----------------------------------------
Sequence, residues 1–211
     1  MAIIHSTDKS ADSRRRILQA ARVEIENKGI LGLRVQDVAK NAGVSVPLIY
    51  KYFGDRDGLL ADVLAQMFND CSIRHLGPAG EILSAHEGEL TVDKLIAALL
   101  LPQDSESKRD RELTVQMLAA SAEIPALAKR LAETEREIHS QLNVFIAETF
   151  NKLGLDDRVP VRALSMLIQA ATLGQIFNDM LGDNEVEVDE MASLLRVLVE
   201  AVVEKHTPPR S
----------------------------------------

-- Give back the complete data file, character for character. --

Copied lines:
Sequence, residues 1–211
     1  MAIIHSTDKS ADSRRRILQA ARVEIENKGI LGLRVQDVAK NAGVSVPLIY
    51  KYFGDRDGLL ADVLAQMFND CSIRHLGPAG EILSAHEGEL TVDKLIAALL
   101  LPQDSESKRD RELTVQMLAA SAEIPALAKR LAETEREIHS QLNVFIAETF
   151  NKLGLDDRVP VRALSMLIQA ATLGQIFNDM LGDNEVEVDE MASLLRVLVE
   201  AVVEKHTPPR S